Seeking Sanctuary by Shannon McSheffrey

Seeking Sanctuary explores a curious aspect of premodern English law: the right of felons to shelter in a church or ecclesiastical precinct, remaining safe from arrest and trial in the king's courts. This is the first volume in more than a century to examine sanctuary in England in the fifteenth and sixteenth centuries.

Looking anew at this subject challenges the prevailing assumptions in the scholarship that this 'medieval' practice had become outmoded and little-used by the fifteenth and sixteenth centuries. Although for decades after 1400 sanctuary-seeking was indeed fairly rare, the evidence in the legal records shows the numbers of felons seeing refuge in churches began to climb again in the late fifteenth century and reached its peak in the period between 1525 and 1535. Sanctuary was not so much a medieval practice accidentally surviving into the early modern era, as it was an organism that had continued to evolve and adapt to new environments and indeed flourished in its adapted state. Sanctuary suited the early Tudor regime: it intersected with rapidly developing ideas about jurisdiction and provided a means of mitigating the harsh capital penalties of the English law of felony that was useful not only to felons but also to the crown and the political elite. Sanctuary's resurgence after 1480 means we need to rethink how sanctuary worked, and to reconsider more broadly the intersections of culture, law, politics, and religion in the years between 1400 and 1550.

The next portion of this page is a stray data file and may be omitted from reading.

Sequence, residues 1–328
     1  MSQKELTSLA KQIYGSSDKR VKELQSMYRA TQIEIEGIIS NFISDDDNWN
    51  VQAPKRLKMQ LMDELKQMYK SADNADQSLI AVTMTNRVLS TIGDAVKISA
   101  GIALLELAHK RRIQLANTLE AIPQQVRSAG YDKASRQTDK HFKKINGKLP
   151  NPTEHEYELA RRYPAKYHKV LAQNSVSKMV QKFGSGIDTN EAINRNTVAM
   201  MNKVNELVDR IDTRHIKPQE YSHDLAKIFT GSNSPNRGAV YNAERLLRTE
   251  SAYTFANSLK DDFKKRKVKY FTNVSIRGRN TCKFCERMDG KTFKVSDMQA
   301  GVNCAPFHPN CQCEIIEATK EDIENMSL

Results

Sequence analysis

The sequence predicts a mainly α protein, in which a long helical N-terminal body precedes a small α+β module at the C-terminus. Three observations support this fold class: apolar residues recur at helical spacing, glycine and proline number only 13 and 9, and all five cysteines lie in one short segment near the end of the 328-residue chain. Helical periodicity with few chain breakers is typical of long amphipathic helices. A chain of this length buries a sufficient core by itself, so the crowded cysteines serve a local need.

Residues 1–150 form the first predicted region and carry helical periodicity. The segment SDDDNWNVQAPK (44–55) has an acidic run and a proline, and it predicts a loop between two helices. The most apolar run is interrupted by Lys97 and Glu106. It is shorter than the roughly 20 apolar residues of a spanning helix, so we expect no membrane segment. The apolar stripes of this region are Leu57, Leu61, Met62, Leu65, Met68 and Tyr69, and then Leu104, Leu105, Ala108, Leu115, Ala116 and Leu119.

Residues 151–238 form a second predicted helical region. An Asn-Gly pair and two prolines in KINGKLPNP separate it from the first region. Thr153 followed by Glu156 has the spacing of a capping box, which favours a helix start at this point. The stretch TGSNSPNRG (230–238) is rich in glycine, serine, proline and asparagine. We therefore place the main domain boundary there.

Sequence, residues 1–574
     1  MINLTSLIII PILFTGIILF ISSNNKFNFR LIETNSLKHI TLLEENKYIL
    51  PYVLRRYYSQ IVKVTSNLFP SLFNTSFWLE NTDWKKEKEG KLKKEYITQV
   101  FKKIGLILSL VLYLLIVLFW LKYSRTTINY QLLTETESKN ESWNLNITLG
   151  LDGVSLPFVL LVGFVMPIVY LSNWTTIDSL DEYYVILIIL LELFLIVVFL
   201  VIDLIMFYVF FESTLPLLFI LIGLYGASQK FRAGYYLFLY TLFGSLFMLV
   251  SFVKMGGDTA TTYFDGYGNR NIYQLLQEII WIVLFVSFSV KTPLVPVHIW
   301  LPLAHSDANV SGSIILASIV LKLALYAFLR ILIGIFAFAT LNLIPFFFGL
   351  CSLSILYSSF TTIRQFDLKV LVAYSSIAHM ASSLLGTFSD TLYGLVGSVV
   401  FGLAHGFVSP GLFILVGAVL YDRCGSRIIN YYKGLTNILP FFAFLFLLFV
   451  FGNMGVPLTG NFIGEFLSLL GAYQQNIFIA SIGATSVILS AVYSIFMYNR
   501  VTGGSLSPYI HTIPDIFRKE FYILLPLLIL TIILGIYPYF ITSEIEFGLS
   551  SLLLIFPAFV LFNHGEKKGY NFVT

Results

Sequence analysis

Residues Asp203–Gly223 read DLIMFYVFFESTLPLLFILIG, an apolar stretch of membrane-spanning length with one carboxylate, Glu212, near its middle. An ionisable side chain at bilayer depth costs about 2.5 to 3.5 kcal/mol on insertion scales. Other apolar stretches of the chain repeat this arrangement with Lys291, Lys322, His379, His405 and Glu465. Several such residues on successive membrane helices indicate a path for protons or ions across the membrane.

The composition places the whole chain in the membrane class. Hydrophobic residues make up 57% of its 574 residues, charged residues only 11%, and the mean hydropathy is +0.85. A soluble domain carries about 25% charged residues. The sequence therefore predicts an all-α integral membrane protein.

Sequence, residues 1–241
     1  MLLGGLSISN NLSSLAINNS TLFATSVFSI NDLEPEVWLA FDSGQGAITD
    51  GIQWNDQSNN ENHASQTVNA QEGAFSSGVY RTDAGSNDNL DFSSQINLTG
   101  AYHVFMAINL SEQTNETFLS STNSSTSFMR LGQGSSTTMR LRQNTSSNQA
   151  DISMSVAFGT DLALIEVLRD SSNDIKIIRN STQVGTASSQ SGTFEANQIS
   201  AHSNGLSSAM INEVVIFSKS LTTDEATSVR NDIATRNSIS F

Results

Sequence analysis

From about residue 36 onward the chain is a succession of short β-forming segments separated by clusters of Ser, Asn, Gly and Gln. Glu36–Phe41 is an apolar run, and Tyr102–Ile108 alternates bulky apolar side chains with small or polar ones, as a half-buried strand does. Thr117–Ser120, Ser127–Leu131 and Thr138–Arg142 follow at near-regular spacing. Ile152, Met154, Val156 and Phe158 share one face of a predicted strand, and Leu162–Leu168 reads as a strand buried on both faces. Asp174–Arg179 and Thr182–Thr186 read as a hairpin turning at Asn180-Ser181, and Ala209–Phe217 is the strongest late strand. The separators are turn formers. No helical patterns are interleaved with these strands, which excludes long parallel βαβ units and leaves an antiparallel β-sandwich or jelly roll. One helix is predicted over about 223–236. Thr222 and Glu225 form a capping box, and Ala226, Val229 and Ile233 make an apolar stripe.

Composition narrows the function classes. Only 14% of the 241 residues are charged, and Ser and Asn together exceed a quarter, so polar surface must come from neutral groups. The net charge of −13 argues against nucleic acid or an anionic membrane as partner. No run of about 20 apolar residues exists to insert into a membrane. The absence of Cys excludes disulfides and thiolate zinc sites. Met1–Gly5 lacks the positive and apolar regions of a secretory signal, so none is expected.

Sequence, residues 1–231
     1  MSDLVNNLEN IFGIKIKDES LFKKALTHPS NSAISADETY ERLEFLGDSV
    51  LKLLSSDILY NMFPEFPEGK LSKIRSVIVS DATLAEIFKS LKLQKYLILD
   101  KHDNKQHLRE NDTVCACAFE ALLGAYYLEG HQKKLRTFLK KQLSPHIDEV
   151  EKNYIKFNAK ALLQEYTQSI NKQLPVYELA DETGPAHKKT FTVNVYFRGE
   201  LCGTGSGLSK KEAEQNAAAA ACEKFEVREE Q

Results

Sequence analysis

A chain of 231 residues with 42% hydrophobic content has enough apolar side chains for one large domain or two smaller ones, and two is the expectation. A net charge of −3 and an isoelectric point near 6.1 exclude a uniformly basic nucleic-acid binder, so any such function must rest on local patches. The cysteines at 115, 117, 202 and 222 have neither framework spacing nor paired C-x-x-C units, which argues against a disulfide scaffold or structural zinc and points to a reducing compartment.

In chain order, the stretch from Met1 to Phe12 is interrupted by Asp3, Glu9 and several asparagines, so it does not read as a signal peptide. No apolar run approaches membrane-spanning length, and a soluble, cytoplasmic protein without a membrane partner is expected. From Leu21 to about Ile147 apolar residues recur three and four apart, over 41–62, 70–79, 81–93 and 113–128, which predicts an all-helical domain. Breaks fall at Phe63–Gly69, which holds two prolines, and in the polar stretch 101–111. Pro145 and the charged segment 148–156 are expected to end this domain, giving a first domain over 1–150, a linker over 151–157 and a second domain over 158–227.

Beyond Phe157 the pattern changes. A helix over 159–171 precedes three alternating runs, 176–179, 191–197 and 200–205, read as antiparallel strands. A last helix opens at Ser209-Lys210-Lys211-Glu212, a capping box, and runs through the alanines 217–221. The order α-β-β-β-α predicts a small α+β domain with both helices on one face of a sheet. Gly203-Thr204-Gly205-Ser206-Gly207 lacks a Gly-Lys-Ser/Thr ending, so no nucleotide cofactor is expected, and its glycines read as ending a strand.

read more by Shannon McSheffrey @ OUP Blog

The Capetian Century, 1214 to 1314 ed by William Chester Jordan & Jenna Rebecca Phillips

From Amazon UK

This volume provides a fresh look at the Capetian century (1214-1314), a period that changed the cultural and political fabric and laid the foundation for the modernisation of the medieval West. The period from the birth of Louis IX to the death of Philip the Fair is remarkable for a series of developments and accomplishments associated with the Capetian kings of France. Innovations in architecture, manuscript illumination, and music all helped shape the cultural fabric of French and European life. Administrative historians emphasize the development of political institutions that have been said to lay foundations of the modern State. 'Moral reform', partly in support of the crusading movement, led to various changes in policies toward Jews, prostitutes, heretics, and many other social groups. This volume brings together essays presented at the Capetian Century Conference held at Princeton University, commemorating two seminal anniversaries bracketing the 'Capetian Century'--the Battle of Bouvines (1214), and the death of Philip the Fair (1314).